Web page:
CW: What would you imagine life to be like without computers?
WB: I imagine it would be like it was about 100 years ago. Less interesting, more manual.
CW: What would you do if you could rule the world for one week?
WB: A week's not long enough to fix world hunger or the Middle East so I would probably just declare the whole time a holiday and since I was the boss I would buy that luxury waterfront, big boat and flash car I always wanted.
I'd also throw those who drive too slowly in the righthand lane into gaol.
CW: What is the most difficult IT decision you have had to make?
WB: When the company first started operations in Australia we were given PC-based voice switches to run our business on in lieu of more traditional telephone exchanges. These worked very well while in operation but the industry was changing and we had to move with it. It was a hard decision to recommend to replace them with a more traditional (and more expensive) switching platform. We have just completed a year-long project to do this and the decision has proved to be the right one.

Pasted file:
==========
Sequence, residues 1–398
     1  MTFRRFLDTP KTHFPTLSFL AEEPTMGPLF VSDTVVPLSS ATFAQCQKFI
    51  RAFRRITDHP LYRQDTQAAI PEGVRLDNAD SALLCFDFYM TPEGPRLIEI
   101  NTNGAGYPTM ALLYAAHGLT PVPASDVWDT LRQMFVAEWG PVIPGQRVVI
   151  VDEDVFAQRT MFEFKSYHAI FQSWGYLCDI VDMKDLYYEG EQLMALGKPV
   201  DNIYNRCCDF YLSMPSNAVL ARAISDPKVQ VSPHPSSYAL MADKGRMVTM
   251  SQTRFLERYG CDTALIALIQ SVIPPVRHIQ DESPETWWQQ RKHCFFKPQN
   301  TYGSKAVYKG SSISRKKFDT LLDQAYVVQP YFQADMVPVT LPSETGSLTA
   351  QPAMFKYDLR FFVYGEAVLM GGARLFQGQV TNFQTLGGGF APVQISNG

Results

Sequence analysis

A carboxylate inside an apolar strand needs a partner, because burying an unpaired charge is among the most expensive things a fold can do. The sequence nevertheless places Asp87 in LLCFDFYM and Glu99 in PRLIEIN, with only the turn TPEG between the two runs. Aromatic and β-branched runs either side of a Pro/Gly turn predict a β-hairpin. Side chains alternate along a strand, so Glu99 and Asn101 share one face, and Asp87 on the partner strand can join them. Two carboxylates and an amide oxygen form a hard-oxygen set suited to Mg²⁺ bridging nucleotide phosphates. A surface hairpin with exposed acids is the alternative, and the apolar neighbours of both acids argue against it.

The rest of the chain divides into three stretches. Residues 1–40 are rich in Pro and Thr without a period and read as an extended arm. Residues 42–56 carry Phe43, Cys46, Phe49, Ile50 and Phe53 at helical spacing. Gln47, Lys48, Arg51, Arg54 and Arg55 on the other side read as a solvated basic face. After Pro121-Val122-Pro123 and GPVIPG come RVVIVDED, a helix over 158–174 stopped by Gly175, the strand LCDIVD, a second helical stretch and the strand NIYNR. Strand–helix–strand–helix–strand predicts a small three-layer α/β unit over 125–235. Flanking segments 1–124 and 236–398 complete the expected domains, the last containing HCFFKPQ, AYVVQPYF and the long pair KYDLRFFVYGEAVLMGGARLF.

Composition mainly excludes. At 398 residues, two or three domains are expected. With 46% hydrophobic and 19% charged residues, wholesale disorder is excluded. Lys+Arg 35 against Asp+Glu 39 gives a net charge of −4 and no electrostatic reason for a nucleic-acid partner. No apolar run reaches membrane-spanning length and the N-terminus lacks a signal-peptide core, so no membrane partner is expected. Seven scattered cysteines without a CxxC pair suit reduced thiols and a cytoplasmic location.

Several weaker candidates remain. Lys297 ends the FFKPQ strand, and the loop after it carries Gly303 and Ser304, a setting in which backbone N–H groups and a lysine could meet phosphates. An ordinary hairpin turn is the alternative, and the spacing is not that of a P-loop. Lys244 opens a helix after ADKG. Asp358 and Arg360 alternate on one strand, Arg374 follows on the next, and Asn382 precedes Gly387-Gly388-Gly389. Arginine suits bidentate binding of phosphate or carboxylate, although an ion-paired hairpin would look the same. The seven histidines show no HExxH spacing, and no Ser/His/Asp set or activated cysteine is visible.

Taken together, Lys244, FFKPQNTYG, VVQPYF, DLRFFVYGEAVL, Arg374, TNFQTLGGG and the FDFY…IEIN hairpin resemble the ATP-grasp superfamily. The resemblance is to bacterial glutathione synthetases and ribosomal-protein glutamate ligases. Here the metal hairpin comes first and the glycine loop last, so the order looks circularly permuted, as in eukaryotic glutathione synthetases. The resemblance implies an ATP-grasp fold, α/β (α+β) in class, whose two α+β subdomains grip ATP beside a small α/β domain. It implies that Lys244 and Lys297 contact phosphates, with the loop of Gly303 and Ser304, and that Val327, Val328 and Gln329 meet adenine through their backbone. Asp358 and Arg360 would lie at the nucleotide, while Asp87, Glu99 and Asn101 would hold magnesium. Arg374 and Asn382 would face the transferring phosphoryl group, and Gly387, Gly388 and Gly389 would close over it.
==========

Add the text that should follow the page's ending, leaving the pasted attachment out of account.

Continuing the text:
CW: List three likes and dislikes about your job.
WB: I like the technology I get to play with, the people I work with and the ever changing environment I work in. Sometimes I dislike the hours and occasionally the stress.
CW: What is your company Web strategy?
WB: We currently have an extensive Web site (check out www.worldxchange.com.au) linked to our international subsidiaries. We use it mainly to advertise, provide information on our products and services and to support our sales agents in the field. Our bills can be delivered and paid online with the e-bill option. In future we will be expanding our ISP offering which includes services such as unified messaging.
CW: Name five people you would invite for a dinner party and why?
WB: Albert Einstein, John Howard, Bill Clinton, Elle McPherson and just to stir things up a bit, Rodney Rude. What fascinating conversation would be had after a few drinks!
CW: What is the most embarrassing thing that has happened to you at work?
WB: I'm not sure what the most embarrassing thing was but it probably happened at one of our office Christmas parties......
CW: Where do you see yourself in five years time?
WB: I've been at WorldXchange now for more than five years and in that time I watched it go from nothing and have seen it grow into the success it is today. It's hard for me to imagine being anywhere else at this stage so I just take it a year at a time.
CW: What takes up your spare time outside of work?
WB: Mostly my family. Running the kids around to various sporting activities and watching them play is something I enjoy and also hanging around down the beach.
CW: What is the worst IT disaster you worry about happening?
WB: We place a lot of focus on backups, redundancy and security, but you always worry about hackers, viruses, fires and the like. In life anything and everything can happen, you just have to take steps to minimise the risk.